Shaun Bythell diary of a booksellerA year in the life of a bookshop owner in Wigtown in the Scottish borders, which is a book town like Hay-on-Wye. I’m a bit nervous abut reviewing this, as the author is obviously quite a character, and has a somewhat alarming Facebook page in which he discusses various terrible bookshop customers, so I’m not sure what he’s going to think of his reviewers. On the other hand, he runs the Random Book Club, which sends you a random book a month for a year, and you’ve got to love that idea! (I might join. Shall I? Should I??).

Shaun Bythell – “The Diary of a Bookseller”

(E-book [see below] 12 July 2017)

Oddly enough, a few of my book review buddies and actual friends have read and talked about this one already – can’t think how that’s happened! And at least one has found it really funny – I actually found it quite a sad read (but a good one, I hasten to add, not just in case the author might be watching).

It IS funny, from the beginning, where Bythell talks about the Dylan Moran stereotype of an “impatient, intolerant, antisocial proprietor” and admits that he has become worn down into one of these now. He spends a lot of time shoring up the crumbling shop and buying dead or ageing people’s book collections, plus dealing with eccentric staff and unpleasant customers. Fortunately, there’s a large cast of attractive supporting characters, although dealt with very wryly on the whole, and you get the impression of a community that’s been revitalised by the whole book town thing.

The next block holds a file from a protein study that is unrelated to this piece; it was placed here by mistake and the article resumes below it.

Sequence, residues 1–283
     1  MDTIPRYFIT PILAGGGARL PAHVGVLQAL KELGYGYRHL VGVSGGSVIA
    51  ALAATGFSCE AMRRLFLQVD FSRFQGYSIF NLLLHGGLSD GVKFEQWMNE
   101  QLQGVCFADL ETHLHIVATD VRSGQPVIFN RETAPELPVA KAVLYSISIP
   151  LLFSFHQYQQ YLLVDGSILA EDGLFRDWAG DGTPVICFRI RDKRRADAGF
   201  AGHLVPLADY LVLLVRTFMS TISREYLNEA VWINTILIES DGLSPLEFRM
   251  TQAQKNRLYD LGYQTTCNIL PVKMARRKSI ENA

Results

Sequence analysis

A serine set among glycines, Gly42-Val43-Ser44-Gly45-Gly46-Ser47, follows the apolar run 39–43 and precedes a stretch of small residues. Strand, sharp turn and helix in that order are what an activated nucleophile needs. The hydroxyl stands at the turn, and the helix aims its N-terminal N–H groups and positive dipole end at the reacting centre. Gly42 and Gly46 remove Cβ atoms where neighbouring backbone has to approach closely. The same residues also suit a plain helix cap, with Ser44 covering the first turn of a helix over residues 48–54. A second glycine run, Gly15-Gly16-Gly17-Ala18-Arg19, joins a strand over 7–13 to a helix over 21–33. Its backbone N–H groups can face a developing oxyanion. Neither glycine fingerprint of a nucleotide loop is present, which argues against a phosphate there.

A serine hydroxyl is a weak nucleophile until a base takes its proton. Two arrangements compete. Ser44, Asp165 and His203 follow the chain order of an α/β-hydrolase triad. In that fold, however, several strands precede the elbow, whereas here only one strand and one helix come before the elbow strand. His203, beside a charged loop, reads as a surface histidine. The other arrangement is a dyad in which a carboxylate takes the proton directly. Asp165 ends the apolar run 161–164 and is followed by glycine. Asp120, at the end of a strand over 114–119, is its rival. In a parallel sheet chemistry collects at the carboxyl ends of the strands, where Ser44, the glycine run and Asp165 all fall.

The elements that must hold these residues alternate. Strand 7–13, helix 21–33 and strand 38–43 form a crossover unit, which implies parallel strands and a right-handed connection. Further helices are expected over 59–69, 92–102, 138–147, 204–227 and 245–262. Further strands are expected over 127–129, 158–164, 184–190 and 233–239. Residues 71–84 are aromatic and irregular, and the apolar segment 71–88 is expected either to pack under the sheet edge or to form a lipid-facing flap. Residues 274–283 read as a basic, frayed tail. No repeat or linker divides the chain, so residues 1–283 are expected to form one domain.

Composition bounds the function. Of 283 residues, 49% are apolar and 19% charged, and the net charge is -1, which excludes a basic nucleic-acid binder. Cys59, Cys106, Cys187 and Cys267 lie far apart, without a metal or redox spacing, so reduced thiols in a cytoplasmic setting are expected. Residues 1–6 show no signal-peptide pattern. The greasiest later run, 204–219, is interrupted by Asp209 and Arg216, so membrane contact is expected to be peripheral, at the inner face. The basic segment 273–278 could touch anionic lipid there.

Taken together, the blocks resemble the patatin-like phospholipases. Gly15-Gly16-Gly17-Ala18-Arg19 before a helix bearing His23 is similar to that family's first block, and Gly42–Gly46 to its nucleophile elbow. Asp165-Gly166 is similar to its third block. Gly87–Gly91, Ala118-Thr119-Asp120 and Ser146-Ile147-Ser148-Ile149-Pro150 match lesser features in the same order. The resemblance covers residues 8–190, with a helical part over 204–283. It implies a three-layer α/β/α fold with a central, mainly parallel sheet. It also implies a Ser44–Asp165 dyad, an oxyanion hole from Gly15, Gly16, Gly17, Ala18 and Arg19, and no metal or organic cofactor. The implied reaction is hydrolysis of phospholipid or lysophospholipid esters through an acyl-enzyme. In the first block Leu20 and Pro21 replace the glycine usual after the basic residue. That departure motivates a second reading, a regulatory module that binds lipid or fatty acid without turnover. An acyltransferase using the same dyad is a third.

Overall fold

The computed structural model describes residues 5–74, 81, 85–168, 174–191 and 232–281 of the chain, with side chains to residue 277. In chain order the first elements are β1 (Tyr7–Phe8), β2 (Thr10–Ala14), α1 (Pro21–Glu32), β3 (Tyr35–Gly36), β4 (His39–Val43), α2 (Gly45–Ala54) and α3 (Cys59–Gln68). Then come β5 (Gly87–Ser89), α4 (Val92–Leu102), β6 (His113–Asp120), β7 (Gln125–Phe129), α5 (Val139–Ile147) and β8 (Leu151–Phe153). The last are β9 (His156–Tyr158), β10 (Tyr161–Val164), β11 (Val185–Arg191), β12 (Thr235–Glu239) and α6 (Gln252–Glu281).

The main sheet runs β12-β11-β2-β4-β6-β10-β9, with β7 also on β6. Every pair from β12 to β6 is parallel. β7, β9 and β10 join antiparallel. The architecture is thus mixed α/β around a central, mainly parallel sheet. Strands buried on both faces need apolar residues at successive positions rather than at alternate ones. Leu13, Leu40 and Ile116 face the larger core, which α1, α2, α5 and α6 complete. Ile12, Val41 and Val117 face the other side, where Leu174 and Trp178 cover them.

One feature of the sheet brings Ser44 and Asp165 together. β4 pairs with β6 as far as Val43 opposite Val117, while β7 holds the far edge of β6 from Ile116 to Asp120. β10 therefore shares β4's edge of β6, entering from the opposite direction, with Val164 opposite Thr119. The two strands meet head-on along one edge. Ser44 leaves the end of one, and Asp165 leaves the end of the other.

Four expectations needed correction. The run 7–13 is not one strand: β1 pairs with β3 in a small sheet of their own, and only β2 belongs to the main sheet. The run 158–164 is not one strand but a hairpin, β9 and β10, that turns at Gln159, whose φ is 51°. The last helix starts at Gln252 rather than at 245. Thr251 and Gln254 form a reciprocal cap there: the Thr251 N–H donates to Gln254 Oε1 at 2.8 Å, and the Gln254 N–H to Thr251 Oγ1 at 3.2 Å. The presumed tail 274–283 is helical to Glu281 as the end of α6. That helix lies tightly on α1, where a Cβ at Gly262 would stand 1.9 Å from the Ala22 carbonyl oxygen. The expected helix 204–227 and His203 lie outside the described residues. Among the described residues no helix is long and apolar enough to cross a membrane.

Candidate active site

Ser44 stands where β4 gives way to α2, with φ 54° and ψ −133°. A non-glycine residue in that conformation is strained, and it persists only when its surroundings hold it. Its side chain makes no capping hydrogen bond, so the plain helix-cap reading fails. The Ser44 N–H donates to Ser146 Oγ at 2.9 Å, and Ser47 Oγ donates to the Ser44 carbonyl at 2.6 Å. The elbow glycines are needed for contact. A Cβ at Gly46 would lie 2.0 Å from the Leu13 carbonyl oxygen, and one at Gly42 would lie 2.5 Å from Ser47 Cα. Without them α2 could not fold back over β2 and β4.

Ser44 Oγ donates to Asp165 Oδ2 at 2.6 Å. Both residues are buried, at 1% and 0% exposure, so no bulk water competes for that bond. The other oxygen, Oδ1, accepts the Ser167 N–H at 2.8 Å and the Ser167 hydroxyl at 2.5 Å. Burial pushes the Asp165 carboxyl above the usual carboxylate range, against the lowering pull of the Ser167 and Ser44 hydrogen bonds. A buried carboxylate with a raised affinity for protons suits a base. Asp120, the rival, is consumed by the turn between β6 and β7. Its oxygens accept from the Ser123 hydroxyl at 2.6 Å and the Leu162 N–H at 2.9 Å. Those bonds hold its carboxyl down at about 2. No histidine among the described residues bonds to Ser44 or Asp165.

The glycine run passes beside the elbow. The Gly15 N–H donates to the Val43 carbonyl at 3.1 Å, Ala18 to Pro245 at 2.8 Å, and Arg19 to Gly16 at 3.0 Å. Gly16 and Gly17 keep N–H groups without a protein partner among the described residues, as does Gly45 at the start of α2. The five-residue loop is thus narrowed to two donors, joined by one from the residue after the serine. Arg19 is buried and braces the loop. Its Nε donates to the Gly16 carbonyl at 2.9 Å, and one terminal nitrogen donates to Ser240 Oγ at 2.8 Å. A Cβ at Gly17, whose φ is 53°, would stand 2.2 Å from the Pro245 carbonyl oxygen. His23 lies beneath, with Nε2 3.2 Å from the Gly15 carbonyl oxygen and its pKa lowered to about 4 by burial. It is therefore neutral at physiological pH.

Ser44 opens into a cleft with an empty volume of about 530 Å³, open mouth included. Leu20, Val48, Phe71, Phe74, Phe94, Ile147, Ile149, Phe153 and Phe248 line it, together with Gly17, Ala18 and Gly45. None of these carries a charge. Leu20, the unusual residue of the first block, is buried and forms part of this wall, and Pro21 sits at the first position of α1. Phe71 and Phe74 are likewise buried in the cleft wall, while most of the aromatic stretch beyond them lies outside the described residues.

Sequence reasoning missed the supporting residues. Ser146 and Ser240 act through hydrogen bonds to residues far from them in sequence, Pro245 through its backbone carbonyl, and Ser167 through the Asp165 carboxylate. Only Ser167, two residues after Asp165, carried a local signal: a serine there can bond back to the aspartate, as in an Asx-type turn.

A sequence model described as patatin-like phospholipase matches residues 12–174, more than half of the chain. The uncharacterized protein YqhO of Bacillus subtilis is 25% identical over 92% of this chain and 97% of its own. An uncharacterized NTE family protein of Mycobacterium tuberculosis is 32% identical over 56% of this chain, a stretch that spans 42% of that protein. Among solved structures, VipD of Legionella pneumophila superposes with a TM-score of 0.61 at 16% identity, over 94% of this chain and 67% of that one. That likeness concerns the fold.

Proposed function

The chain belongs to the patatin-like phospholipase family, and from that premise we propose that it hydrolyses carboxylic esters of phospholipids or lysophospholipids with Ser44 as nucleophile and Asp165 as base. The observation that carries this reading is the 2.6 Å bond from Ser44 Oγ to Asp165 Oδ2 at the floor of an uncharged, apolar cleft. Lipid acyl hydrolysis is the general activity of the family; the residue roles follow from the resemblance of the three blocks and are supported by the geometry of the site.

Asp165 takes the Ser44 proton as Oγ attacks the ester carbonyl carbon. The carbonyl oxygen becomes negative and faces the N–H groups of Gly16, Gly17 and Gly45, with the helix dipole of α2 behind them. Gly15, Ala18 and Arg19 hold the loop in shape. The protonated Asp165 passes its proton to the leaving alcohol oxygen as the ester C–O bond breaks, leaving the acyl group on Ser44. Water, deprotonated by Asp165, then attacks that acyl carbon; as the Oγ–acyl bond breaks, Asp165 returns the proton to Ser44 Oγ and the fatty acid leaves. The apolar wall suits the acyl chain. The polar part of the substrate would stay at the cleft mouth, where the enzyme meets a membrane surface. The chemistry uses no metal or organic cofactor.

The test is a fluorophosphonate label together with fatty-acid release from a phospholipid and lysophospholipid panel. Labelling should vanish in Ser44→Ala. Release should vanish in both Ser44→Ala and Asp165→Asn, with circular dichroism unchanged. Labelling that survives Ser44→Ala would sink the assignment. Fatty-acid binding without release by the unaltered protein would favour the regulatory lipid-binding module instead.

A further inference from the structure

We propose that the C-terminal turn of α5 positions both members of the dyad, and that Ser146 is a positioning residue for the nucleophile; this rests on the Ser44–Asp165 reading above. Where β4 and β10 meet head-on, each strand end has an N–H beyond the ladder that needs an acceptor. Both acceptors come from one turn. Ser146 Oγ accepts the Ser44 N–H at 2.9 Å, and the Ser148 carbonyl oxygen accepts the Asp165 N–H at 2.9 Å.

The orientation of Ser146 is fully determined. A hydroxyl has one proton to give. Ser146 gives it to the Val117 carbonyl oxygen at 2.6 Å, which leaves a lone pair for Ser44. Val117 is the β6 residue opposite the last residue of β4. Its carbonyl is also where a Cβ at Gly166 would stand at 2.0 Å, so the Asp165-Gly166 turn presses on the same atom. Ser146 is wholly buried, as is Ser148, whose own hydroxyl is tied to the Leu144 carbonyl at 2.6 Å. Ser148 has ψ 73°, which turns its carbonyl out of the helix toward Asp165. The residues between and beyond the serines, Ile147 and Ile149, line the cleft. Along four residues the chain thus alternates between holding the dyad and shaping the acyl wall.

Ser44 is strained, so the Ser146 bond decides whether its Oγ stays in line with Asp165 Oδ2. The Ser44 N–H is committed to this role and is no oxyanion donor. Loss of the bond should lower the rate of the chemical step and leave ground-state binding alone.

There are unhappy coincidences, for example someone coming in and asking for “To Kill a Mockingbird”, which they don’t have, only for someone to appear minutes later with one to sell. The most heartbreaking story is when Tracy comes in having finished her job at the RSPB osprey centre, after having spent a summer explaining to people that the ospreys aren’t nesting this year … There are also sad tales of customers, and with the slightly gritty edge, the cataloguing of amounts made each day and unrepentent criticism of everyone, from book droppers to people coming in claiming they love books (then not buying any), plus the clear statements of just how Amazon has messed up the whole book trade, leading to a loss of the old book runners and book fairs and necessitating the purchase and shooting with an actual gun of Kindles, and this throws the funny bits into sharp contrast.

Bythell does note that the shop appears in the Guardian’s “Weird and wonderful bookshops worldwide” list at number three, and mulls over whether this shows a return to a reverence for the printed book. There are great quotes from George Orwell’s “Bookshop Memories” which in a way show that nothing ever changes, and I do wonder what effect the book will have on the shop (it’s already featured in one romantic story for which I won’t provide spoilers). I’d certainly like to visit – but I’d be a bit scared to, in case I got Going To A Bookshop wrong in their eyes. We’ll see. Road trip, anyone?

Thank you to Serpent’s Tail / Profile Books for making this book available via NetGalley and choosing me to read it in return for an honest review. Of course, I read the e-book, which is likely to enrage the author …